Thursday, June 20, 2013
How many actors could play a vicious gangster who had a conscience and you actually believed it? How many actors could command any scene or any stage? How many actors could play loveable as well as hateful? And how many actors could play comedy as well as heavy drama?
And despite all that James Gandolfini landed the part of Tony Soprano.
If THE SOPRANOS were on a major broadcast network they would have insisted on someone better looking, someone with a bigger name, preferably someone who had already been in five series. Thank God for great timing, HBO, and David Chase. It’s impossible to think of anyone else as Tony Soprano and impossible to think of THE SOPRANOS succeeding without James Gandolfini.
I had the pleasure of meeting him only once. Just two months ago.
I agreed to help a writer friend with his screenplay reading. James graciously agreed to play the lead. I read the stage directions. We wound up having dinner together. Very informal, in the writer’s apartment. You’d never know he was a major star. He was the most regular guy you’ve ever seen. And trust me, most stars, in any situation, let you know they’re stars. Not James. He was the guy who sat next to you at a ballgame. He was the neighbor who always invited you over for a barbeque even though you had screaming kids.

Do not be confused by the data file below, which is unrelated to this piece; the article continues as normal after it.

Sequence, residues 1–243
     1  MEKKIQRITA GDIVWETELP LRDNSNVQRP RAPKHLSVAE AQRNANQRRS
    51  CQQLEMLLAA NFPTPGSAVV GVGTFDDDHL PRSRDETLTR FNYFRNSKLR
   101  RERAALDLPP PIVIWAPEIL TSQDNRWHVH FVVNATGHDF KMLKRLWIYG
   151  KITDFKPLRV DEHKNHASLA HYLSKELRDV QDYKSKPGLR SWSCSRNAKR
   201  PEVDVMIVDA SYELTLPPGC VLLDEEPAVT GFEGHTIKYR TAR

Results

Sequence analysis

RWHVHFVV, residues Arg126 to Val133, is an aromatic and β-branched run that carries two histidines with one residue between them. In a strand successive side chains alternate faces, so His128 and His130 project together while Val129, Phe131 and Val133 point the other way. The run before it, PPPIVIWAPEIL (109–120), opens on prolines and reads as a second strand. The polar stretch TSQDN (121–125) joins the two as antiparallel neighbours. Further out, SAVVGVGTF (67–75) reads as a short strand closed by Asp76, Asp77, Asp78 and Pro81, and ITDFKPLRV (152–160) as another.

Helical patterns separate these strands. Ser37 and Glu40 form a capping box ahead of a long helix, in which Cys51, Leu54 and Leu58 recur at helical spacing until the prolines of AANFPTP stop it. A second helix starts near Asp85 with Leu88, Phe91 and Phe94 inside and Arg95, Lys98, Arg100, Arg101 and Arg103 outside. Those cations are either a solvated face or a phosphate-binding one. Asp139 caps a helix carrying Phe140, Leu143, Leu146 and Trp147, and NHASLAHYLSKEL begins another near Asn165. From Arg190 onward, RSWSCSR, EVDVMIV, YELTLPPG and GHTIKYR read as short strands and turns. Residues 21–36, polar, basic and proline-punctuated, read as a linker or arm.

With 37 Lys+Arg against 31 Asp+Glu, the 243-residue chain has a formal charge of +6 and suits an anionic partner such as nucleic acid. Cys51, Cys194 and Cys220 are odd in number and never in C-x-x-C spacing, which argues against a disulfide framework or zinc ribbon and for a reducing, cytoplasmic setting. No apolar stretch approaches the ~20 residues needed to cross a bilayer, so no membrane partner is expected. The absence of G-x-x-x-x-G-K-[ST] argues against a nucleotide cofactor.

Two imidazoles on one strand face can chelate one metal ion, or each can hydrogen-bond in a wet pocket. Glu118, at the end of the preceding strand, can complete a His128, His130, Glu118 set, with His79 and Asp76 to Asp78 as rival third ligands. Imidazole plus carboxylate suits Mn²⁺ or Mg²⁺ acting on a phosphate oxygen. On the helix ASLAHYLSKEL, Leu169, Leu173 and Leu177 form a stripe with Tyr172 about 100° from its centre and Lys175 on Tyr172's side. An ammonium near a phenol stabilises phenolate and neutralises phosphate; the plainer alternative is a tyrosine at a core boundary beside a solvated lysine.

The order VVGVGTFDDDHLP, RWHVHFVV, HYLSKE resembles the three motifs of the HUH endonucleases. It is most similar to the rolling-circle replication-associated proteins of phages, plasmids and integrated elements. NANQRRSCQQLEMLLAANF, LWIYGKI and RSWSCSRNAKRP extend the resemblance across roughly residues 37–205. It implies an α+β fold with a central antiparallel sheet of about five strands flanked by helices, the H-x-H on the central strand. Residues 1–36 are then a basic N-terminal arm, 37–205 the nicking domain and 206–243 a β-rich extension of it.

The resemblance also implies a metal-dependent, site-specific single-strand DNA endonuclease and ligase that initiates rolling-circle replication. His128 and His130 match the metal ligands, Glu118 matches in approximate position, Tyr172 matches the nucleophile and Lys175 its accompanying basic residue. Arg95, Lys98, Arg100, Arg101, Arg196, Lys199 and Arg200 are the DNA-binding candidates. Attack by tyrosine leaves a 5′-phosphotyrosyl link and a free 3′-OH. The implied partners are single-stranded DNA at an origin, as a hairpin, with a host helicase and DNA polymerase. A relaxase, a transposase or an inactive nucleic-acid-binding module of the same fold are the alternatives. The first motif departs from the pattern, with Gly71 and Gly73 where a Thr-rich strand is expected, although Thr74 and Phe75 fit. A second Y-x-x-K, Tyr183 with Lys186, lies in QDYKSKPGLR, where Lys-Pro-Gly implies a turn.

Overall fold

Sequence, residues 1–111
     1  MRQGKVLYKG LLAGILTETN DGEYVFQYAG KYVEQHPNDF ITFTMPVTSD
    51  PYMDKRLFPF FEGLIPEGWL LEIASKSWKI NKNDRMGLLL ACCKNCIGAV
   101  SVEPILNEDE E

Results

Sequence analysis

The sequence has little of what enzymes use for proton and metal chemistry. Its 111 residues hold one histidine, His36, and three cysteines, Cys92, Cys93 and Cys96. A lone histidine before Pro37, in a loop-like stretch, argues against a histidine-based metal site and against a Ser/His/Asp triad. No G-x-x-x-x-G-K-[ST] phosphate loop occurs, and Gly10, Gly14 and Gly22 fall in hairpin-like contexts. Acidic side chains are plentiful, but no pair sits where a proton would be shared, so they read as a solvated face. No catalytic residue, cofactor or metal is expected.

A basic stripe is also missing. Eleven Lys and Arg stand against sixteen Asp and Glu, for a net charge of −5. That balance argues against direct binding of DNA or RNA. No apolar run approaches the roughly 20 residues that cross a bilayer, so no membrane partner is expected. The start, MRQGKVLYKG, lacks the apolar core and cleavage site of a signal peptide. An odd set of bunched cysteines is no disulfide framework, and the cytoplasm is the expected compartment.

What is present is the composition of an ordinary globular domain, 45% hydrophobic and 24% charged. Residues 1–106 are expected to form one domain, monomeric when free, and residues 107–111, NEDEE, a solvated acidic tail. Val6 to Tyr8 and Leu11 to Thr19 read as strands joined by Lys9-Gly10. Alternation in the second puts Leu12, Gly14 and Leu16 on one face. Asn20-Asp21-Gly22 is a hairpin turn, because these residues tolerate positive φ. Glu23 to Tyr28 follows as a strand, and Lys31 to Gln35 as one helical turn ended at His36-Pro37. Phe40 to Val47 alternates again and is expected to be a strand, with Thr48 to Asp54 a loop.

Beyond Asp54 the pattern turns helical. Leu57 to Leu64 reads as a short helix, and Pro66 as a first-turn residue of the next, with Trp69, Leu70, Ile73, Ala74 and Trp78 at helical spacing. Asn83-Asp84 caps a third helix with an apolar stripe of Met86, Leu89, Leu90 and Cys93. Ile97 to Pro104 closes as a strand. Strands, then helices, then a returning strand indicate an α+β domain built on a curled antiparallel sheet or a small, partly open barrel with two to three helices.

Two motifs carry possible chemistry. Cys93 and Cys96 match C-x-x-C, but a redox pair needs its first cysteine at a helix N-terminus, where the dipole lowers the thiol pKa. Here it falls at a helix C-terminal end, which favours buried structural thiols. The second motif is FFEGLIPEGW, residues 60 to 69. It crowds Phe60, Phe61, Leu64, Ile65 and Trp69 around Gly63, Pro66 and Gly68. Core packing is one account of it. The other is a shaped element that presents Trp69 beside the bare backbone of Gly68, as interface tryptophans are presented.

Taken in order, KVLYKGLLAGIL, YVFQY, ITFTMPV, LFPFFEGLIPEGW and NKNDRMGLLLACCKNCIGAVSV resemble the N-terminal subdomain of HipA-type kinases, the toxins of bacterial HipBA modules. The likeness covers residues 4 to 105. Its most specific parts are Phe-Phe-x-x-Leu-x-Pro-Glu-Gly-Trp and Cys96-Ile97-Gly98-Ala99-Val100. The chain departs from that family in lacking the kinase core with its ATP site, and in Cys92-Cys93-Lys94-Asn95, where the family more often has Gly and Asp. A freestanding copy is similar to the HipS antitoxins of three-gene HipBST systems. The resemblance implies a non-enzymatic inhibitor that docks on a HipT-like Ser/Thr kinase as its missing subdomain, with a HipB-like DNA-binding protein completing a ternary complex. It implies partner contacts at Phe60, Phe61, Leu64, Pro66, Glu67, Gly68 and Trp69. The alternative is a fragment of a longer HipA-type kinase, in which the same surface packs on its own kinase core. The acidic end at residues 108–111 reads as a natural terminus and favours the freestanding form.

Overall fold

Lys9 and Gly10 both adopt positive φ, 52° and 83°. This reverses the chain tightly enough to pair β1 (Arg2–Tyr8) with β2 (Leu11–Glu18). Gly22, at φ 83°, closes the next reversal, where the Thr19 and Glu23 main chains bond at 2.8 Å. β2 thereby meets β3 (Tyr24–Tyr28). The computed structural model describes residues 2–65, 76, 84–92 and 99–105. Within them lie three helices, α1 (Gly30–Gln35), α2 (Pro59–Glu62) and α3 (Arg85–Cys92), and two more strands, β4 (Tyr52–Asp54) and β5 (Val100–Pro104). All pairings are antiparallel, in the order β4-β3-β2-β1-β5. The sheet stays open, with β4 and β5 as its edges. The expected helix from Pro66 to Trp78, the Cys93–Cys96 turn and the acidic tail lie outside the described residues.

What impressed me so much at the reading was (a) he didn’t smack me for jumping one of his lines, and (b) he clearly had prepared for the exercise. Lots of times actors will give you cold readings. It was enough of a favor that they even agreed to show up. This was not a reading to get backers or a studio involved. It was merely a tool to help the writer polish his spec screenplay. And yet James gave it everything he had, adding subtlety, shading, and power. After it was over he made himself available to the author for discussion and suggestions. He was so helpful. The man was a total mensch.
I thought to myself – someday I want to write for him. Sadly, that will now never be. 51 is way too young. I'm sure he knocked around for years getting bit character parts. And now, when he finally made it, when he proved all the "suits" wrong by becoming a star without looking like Leonardo DiCaprio, he was taken from us.
When THE SOPRANOS ended there was a huge uproar over the final shot. The camera just cut to black. Was Tony about to be killed? Or did he live? I found that ending very unnerving. And now, I wish that on James Gandolfini’s final day, in Rome, the screen went black, so that at least there was the chance that we wouldn’t lose this wonderful man and extraordinary talent. If only life could be like THE SOPRANOS.
By Ken Levine at 6:00 AM